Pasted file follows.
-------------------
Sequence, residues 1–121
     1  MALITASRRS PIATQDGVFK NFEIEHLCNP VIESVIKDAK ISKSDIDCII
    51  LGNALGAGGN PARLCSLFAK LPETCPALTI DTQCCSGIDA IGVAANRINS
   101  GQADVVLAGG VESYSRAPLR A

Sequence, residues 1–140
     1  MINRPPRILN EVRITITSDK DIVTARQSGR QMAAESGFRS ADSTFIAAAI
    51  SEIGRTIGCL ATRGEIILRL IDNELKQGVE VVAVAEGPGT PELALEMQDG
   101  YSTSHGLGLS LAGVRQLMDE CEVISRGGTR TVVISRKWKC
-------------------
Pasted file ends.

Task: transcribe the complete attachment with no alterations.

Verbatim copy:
Sequence, residues 1–121
     1  MALITASRRS PIATQDGVFK NFEIEHLCNP VIESVIKDAK ISKSDIDCII
    51  LGNALGAGGN PARLCSLFAK LPETCPALTI DTQCCSGIDA IGVAANRINS
   101  GQADVVLAGG VESYSRAPLR A

Sequence, residues 1–140
     1  MINRPPRILN EVRITITSDK DIVTARQSGR QMAAESGFRS ADSTFIAAAI
    51  SEIGRTIGCL ATRGEIILRL IDNELKQGVE VVAVAEGPGT PELALEMQDG
   101  YSTSHGLGLS LAGVRQLMDE CEVISRGGTR TVVISRKWKC